What To Buy and What Not To
Some property classes will rise in value and other fall at the same time in the same marketplace.
This article appeared in The Vancouver Sun on August 25, 2001
In the last 24 months we have seen markets in Ontario, Alberta and throughout the US soar- as in- to the sky. Prices are MUCH higher and are still rising. The question then: Should we buy now in BC and if so ... what and what not?
In the eighties is used to be so easy to buy property, if you paid too much for it, you just bought it too soon. Inflation bailed you out. In the year 2001 it won't be quite that easy. Some property classes will rise in value and other fall at the same time in the same marketplace. Some real estate values in some parts of BC may never recover, others will soar. One thing is for certain the more things change the more they'll bite you. Caveat emptor remains number one.
Before the 'what' we should understand some 'basics':
What to buy?
- As an investor in a new home you need to buy at least 12% below the market.
Take a $400,000 home. Add GST at $28,000, land transfer taxes $5,000 (or so - varies by area) when you sell it will cost you (7% on the first $100,000 and 2.5% on the balance) $14,500. You need to sell the property for $447,500 just to break even. And that does not account for the legal/title transfer costs.
- As an investor in a used home you save GST but all else stays the same - you still need to buy below the market.
- In most markets in Canada more buyers are out hunting between the March to June and September to October months. Sell then, go hunting in the other months.
- In most major markets in Canada prices in any cycle peak during the first half of the year - usually in June and drop for that cycle low into the December to January period. Sell for best price in the spring.
- Prices start rising in small towns and northern towns usually after the winter goes and contract lower after the snow falls. (But look at it BEFORE the snow drops). Also, 'out-of- town' price increases or decreases in the interior generally follow the Lower Mainland down or up within 6 to 18 months of a major change.
- Small towns must have an employment base, better population growth than 4% and a low vacancy rate.
- For the smaller investor single family homes have outperformed townhouses and condominiums every time and for every market. It is in the land. We Canadians still like to own a spot of green to fry that sausage (ok, ok, zucchinis). This may well change in those cities (like Vancouver and Toronto) where the proportion of condo to single family home sales approaches 50%. In Edmonton and Calgary the condominium portion of the market is below 20% with some 80% of the sales found in the single-family home sector. In Vancouver and Toronto however more than 45% of all sales are now condos. Wherever the greater number of people want to trade - price appreciation follows. Particularly when you buy condos in a depressed market.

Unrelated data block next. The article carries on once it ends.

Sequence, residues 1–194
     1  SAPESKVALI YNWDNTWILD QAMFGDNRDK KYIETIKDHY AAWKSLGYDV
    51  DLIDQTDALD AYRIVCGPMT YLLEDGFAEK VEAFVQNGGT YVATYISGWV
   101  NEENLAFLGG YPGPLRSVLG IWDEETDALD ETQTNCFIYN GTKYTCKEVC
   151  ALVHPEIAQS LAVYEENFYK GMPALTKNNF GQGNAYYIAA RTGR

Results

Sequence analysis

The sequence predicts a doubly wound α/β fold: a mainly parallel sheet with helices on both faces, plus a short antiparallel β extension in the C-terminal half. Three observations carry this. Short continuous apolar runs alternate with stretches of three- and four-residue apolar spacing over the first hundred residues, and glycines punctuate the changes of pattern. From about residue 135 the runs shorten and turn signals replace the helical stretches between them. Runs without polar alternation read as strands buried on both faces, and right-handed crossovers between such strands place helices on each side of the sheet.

- Ground-oriented townhouse type units generally outperform high-rises condos
- Don't pay too much for higher floors in a high-rise. If a building is 25 stories high and unless you own the penthouse don't pay more for 'view'. Once you are 'in view' -say on the twelfth floor - don't pay any more for a suite located between the 12th to the 24th floors. You will not get your money back.
- Resort properties do well only in an upper-end resort. If there is only a parking lot and a lift, it may be a great family place to go to. But price appreciation is much slower.
What not to buy:
- Single family homes anywhere.
- Single family homes with basement suites anywhere.
- All (well researched) used downtown condos. Some (well researched) new condos with view, on water, park. Read those minutes for leaks.
- All Waterfront. River, lake, ocean. It will always appreciate within its timing cycle.
- Major resort properties with unlimited personal use.
- Mini Warehouses both as an investor and as an owner. With the greater trend to self-employment more and more small companies look for their own space.
- Mini Storage parks. With some downsizing by families and the trend to move out of town mini storage parks are increasingly attractive. A strong real estate play, good cash flow and little overheads.
- Trailer Parks are always good cashflow and there are never enough.
Whatever I put here, someone will argue that he or she, Aunt Harriet and Uncle Tom made money buying these, but remember we talk about the greater number of people here.
- In Resorts:
- a) Timeshare units are not real estate
- b) Limited personal use units unless there is nothing else and you just gotta be there -Only at major resorts
- c) Hotel type limited use units
- Out-of town
- a) Without proof of the principles. Many out of towns will never have price appreciation
- b) Deals without proven property management
- c) Out-of-town deals that do not cash flow
- Limited Partnerships you can't get out of.
Remember, markets change. When inflation returns, visibly returns, you may buy anything located anywhere and you could do well with it. Until then, understanding the timing of the real estate market cycle and understanding it and seeing a trend will help make right decisions. Condos have lousy years and good years. Vacant land has had lousy and great years. There are no good and bad markets - only good and bad deals YOU personally make. That means work. Oh, yes.
Next time ... Where to buy and where not to.
Ozzie Jurock is the publisher of Jurock's Real Estate Insider an independent real estate advisory service. You can reach him at 604-683-1111 or e-mail firstname.lastname@example.org
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